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Advanced Engineering 2021

NEC Birmingham(B40 1NT)

03/11/2021 - 04/11/2021

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Inductive sensors help get the beers in

Inductive sensors help get the beers in

When a drinks producer needed a method of conducting a final inspection check of cases of bottles after the lid of the corrugated cardboard case had been closed and sealed, it turned to Contrinex. A bottle count is performed by verifying the position of bottle caps through layers of cardboard at the top of each sealed case.

Bottles that are packed into corrugated cardboard cases require the verification of both the placement and number of bottles in the case, ideally after they have had their lids hot-glued closed. A concern is that a bottle can break on impact with the bottom of the case, contaminating the machinery and subsequent packages. Bottles can also be absent or wrongly positioned or a cap might be missing from a bottle.

Whilst a vision system could be used, this would need to be done before the lid of the case is closed, whereas verification of the closed case would be preferable. The absence of a bottle cap in a specified position is a good indicator of a missing or shattered bottle and so the challenge is, therefore, to detect bottle caps through multiple layers of corrugated cardboard material of varying thickness and density.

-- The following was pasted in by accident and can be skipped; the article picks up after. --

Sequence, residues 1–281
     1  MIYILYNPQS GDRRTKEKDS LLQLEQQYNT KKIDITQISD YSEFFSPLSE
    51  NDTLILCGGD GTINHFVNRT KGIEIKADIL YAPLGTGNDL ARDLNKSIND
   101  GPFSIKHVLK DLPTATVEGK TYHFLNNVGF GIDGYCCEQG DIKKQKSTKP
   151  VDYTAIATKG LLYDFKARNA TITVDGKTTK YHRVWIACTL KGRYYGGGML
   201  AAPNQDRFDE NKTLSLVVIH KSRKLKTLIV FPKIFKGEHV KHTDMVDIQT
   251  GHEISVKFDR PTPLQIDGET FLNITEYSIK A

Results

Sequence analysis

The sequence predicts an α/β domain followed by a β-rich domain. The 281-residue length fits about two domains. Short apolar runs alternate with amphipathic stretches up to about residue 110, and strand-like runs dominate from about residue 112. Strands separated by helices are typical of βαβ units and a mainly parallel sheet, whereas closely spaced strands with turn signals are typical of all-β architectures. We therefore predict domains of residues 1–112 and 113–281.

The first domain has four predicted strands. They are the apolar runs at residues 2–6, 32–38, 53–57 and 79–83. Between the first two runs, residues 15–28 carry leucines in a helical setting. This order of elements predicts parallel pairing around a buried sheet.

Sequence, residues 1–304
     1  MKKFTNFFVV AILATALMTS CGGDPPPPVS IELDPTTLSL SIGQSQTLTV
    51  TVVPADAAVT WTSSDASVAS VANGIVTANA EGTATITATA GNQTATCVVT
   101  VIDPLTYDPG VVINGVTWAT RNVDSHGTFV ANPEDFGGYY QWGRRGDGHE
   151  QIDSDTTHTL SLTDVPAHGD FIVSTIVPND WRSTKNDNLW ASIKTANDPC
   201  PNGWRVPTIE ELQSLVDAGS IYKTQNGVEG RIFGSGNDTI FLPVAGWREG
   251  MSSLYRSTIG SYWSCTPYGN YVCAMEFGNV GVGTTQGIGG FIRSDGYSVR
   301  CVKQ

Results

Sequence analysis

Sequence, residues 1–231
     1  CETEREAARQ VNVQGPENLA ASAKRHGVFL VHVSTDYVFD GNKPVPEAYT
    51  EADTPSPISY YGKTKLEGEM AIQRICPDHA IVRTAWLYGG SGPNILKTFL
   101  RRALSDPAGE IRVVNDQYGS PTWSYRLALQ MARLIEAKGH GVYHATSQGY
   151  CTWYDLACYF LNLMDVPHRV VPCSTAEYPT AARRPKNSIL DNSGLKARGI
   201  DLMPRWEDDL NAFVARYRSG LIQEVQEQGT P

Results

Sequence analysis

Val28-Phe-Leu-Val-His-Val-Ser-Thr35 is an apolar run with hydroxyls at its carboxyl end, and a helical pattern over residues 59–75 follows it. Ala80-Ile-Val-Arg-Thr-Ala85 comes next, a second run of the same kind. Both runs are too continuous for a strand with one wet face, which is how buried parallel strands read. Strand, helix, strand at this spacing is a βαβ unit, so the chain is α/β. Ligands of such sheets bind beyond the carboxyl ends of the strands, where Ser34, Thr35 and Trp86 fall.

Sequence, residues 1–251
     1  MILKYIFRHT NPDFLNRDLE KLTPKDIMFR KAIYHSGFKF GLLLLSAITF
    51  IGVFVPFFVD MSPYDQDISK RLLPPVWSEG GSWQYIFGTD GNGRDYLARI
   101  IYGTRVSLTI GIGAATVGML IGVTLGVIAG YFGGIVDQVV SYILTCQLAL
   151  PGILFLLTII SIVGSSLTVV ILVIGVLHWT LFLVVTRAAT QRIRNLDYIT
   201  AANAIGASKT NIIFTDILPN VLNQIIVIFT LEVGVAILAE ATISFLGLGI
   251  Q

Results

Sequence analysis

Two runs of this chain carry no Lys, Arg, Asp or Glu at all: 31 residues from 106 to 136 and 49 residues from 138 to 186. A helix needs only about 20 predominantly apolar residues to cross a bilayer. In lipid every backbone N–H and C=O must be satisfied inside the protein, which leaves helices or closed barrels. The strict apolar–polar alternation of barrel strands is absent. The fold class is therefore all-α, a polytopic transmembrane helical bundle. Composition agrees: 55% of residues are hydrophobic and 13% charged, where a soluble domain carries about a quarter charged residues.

Contrinex’s rugged extra-distance inductive sensors from the ‘500 Series’ are ideal for this application, being robust and accurate. These highly reliable, IP67 rated, M30-diameter sensors have a chrome-plated brass body with a PBTP sensing face and vacuum-encapsulated electronics. Well suited to operating in a hostile environment, the 3x sensing distance of 22mm enables fully contactless operation in this relatively high-speed packaging process.

A sensor array is placed over the conveyor and travel path of the cardboard cases. For each lane of bottles in a case, an M30 diameter inductive sensor is mounted on the array. A non-embeddable sensor is chosen as it most closely equates to the size of the bottle cap and yields the greatest sensing distance for the available target area and is sufficient to allow for minor variations in the height of the case as it passes under the sensor bridge. This not only ensures reliable sensing but also keeps the sensor at a safe distance from any impact, avoiding consequent downtime, with the sensors interfaced with a controller that makes the logical decision to accept the package or reject and divert it.

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